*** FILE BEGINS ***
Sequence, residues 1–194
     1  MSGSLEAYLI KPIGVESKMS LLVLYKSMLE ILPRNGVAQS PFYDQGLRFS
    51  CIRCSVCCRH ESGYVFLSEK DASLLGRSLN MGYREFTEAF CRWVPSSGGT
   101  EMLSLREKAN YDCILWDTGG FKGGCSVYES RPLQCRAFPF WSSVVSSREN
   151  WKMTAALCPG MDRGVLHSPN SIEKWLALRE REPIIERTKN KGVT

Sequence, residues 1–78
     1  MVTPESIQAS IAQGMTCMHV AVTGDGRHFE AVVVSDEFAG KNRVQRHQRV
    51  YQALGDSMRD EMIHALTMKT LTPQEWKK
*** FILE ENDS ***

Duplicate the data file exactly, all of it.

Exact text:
Sequence, residues 1–194
     1  MSGSLEAYLI KPIGVESKMS LLVLYKSMLE ILPRNGVAQS PFYDQGLRFS
    51  CIRCSVCCRH ESGYVFLSEK DASLLGRSLN MGYREFTEAF CRWVPSSGGT
   101  EMLSLREKAN YDCILWDTGG FKGGCSVYES RPLQCRAFPF WSSVVSSREN
   151  WKMTAALCPG MDRGVLHSPN SIEKWLALRE REPIIERTKN KGVT

Sequence, residues 1–78
     1  MVTPESIQAS IAQGMTCMHV AVTGDGRHFE AVVVSDEFAG KNRVQRHQRV
    51  YQALGDSMRD EMIHALTMKT LTPQEWKK